Rappers Jay Z and Meek Mill help launch criminal justice reform organisation

Reuters
New York, NY, USA Published: Jan 24, 2019, 01:26 PM(IST)

File photo of Jay-Z. Photograph:( Twitter )

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The initial goals of the organization are to "highlight individual cases that embody the most egregious problems in the criminal justice system and discuss this unprecedented partnership that spans several industries."

Rappers Jay Z and Meek Mill have collaborated on a new criminal justice reform organization.

The pair joined Kraft Group CEO & New England Patriots owner Robert Kraft, Philadelphia 76ers co-owner Michael Rubin and other entrepreneurs for the announcement of Reform Alliance in New York on Wednesday (January 23). The founding partners have committed $50 million (USD) collectively to the organization.

The initial goals of the organization are to "highlight individual cases that embody the most egregious problems in the criminal justice system and discuss this unprecedented partnership that spans several industries."

Rubin said the initial focus is going to be on the four and a half million people that are on probation and parole.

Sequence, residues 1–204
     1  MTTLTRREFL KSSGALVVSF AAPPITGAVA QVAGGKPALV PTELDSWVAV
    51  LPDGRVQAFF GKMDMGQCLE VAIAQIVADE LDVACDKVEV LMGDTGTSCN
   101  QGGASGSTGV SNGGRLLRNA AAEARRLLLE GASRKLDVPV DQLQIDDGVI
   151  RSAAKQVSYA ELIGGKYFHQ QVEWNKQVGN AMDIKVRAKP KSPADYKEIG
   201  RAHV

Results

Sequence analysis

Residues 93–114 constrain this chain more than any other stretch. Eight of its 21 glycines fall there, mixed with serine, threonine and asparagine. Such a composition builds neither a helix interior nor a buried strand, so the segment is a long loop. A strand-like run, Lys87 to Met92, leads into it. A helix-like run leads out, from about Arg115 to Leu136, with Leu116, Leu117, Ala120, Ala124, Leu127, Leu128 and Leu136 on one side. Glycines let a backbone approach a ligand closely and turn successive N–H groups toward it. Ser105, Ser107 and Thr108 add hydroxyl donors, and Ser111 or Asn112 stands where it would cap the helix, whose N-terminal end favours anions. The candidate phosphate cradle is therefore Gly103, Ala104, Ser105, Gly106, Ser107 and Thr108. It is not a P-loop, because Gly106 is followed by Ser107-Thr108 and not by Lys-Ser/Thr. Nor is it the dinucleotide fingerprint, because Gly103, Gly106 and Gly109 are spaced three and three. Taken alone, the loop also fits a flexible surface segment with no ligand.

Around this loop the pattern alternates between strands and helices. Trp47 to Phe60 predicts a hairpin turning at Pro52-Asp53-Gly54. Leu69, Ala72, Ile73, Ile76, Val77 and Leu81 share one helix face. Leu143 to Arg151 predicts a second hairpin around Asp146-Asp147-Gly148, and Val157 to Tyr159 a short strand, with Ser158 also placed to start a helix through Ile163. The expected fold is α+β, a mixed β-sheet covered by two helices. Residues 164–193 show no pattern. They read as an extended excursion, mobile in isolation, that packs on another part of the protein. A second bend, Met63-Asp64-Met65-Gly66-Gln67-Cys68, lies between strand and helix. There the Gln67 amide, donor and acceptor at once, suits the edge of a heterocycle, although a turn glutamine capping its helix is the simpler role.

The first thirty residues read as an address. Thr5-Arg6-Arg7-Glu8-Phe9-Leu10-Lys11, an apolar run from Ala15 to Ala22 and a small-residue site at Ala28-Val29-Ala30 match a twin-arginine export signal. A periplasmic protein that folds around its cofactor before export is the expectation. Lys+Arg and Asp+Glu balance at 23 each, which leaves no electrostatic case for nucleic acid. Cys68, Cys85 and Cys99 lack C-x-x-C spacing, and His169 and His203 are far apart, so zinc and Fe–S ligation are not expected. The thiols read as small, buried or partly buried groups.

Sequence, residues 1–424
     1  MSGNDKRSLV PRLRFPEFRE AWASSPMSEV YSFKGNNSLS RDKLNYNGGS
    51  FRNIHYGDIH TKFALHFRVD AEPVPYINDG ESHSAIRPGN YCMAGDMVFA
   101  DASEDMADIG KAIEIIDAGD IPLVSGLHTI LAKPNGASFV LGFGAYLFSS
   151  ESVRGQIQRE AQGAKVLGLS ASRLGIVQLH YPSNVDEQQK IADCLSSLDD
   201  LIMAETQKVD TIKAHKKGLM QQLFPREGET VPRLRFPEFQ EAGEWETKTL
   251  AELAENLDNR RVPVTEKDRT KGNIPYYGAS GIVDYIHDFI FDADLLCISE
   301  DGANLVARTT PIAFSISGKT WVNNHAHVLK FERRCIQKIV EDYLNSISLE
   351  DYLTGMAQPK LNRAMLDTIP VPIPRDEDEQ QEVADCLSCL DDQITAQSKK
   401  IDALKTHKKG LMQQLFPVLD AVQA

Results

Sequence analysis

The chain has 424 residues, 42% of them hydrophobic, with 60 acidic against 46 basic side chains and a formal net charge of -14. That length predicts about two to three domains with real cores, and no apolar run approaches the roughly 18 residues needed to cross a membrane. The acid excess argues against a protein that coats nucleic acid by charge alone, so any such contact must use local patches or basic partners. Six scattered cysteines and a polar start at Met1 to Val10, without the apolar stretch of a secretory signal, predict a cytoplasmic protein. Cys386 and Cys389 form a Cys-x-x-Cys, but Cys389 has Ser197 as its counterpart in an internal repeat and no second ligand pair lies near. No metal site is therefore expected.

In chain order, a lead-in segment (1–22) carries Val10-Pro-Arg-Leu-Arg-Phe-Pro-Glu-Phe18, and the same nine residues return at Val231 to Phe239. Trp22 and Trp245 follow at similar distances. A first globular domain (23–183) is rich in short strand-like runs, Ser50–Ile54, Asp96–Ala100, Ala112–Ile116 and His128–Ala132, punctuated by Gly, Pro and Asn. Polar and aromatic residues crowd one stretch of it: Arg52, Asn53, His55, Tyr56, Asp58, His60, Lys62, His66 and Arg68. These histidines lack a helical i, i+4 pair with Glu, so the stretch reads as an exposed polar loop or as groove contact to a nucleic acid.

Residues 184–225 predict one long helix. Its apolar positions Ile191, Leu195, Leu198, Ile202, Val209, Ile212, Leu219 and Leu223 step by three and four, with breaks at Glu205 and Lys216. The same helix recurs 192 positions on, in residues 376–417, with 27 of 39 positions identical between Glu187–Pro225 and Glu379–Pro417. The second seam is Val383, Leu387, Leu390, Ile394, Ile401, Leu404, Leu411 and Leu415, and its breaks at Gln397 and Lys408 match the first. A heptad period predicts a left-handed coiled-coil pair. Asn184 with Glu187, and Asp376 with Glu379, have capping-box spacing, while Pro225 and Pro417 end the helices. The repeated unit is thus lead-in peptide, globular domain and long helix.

"This is two-thirds of the population in the criminal justice system and yet it's been the area that's been the least focused on. And it's also what keeps sending people back to prison and jail," he said. Rubin hopes to free 1 million people from the system in the next five years.

Meek Mill, whose legal name is Robert Williams, was sentenced in November 2018 to two-four years in state prison for probation violations stemming from his 2008 conviction.

His case, which became a cause for recording artists, athletes and celebrities, was seen by criminal justice reform advocates as emblematic of a legal system they say treats minorities unjustly and hands out too harsh of punishments.

Jay-Z said, "We want to be very clear, you know if someone commits a crime they should go to jail. But these things are just disproportionate and the whole world knows that, right. And a lot of these issues are in place now because they were run on - they're like political issues. People run on this and got elected to office, and there's no disrespect, I don't want anyone to feel defensive about what I'm saying. I'm just saying honest truth. And the people that are here today and the politicians that are here today know it's the truth, that's why they're here. And it's a humane issue."

The founders say with determination, capital funding and a platform they plan to make a big impact.

Journalist Van Jones has been named CEO of the organization.

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